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Q1: What does the plain abdominal radiograph (fig 1; see p 432) show? What was the subsequent investigation (fig 2; see p 432) and what does this show?
Pneumoperitoneum and small bowel fluid levels are shown. The subsequent investigation is a small bowel barium meal, and this shows jejunal diverticulosis. The presence of small bowel fluid levels on the plain abdominal radiograph suggests that jejunal diverticulosis is the most likely underlying cause.
Q2: How would you manage this patient?
Exploratory laparotomy is mandatory if the patient presents with clinical stigmata of peritonitis. However, spontaneous pneumoperitoneum can occur without peritonitis or perforation of a viscus. Jejunal diverticulosis and pneumatosis cystoides intestinalis are the most common gastrointestinal causes of this condition. Where a non-surgical cause of pneumoperitoneum can be discerned and there are no associated findings to suggest peritonitis or a perforated viscus, then continued observation should avoid an unnecessary laparotomy. This was the case in our patient whose distention improved with conservative management. In instances where aetiology of the pneumoperitoneum remains unclear, a diagnostic peritoneal lavage may obviate the need for laparotomy.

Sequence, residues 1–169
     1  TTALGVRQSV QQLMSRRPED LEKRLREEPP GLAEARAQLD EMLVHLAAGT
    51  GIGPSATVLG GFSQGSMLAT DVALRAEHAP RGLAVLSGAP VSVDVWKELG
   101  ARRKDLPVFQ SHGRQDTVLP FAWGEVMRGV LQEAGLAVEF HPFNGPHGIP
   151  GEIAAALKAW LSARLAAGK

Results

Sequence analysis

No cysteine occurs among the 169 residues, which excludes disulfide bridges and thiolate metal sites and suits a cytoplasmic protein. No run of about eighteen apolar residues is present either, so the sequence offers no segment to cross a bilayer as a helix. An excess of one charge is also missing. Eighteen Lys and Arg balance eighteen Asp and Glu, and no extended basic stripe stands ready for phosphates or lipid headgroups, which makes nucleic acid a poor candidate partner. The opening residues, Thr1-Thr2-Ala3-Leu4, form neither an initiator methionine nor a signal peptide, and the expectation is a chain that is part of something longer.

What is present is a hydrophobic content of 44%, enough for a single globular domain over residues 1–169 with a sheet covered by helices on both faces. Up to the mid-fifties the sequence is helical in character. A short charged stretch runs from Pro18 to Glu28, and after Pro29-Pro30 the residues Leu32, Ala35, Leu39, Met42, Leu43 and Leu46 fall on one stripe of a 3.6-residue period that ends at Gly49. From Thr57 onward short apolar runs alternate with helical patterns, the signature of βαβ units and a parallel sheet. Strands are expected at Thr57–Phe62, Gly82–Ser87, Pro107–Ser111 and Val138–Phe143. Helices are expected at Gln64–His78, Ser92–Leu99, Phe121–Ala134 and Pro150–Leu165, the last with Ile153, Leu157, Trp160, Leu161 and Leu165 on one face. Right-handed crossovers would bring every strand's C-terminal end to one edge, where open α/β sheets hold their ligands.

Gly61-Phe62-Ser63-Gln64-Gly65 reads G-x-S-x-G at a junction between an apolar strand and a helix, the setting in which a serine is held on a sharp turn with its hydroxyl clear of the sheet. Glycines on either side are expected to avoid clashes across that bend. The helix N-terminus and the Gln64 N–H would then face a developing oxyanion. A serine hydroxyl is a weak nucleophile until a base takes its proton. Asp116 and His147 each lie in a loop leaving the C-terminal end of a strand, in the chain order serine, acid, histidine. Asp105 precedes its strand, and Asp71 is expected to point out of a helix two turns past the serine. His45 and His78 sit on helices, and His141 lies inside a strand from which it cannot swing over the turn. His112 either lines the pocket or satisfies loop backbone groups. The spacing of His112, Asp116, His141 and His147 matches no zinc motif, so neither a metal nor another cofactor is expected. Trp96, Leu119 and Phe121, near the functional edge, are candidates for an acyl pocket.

Q3: What mechanism results in the development of the radiological abnormality shown in fig 1 (see p 432)
The mechanism of pneumoperitoneum in jejunal diverticulosis is relatively unclear. It is thought to result from the passage of intraluminal gas, without gross faecal contamination, into the peritoneal cavity through perforations in the wall of the thin walled diverticula. Hyperactive peristaltic activity and fermentation in the diverticula may also contribute. Our patient subsequently developed diarrhoea and underwent a hydrogen breath test, which was markedly abnormal, indicating bacterial overgrowth in the small bowel.
Diverticulosis of small intestine is a relatively unusual finding and the cause of significant symptoms in less than 50% of patients in whom diverticula are found.1 The most frequent symptoms are a result of low grade intestinal obstruction. These consist of upper abdominal discomfort, and fullness and vomiting after meals. Other presentations include acute obstruction, inflammation, bleeding, perforation, inspissation with enterolith formation, and macrocytic anaemia. Spontaneous pneumoperitoneum unassociated with signs or symptoms of peritoneal irritation is an uncommon presentation of small intestinal diverticulosis. Since the vast majority of these patients are asymptomatic and remain so, conservative management is indicated.
Recognition of this entity is important if unnecessary surgery for a suspected perforation of the gastrointestinal tract is to be avoided.2
Pneumoperitoneum is usually the result of hollow viscus perforation with associated peritonitis.3 Common causes are perforated duodenal or gastric ulcers, perforation of colon diverticula or appendix, and perforated ulcerative colitis or amoebic colitis.4 Spontaneous pneumoperitoneum consequent upon intrathoracic, intra-abdominal, gynaecological, iatrogenic, and other miscellaneous conditions not associated with perforated viscus have been documented in the literature. In some instances no cause for pneumoperitoneum is evident.
Spontaneous pneumoperitoneum secondary to jejunal diverticulosis.
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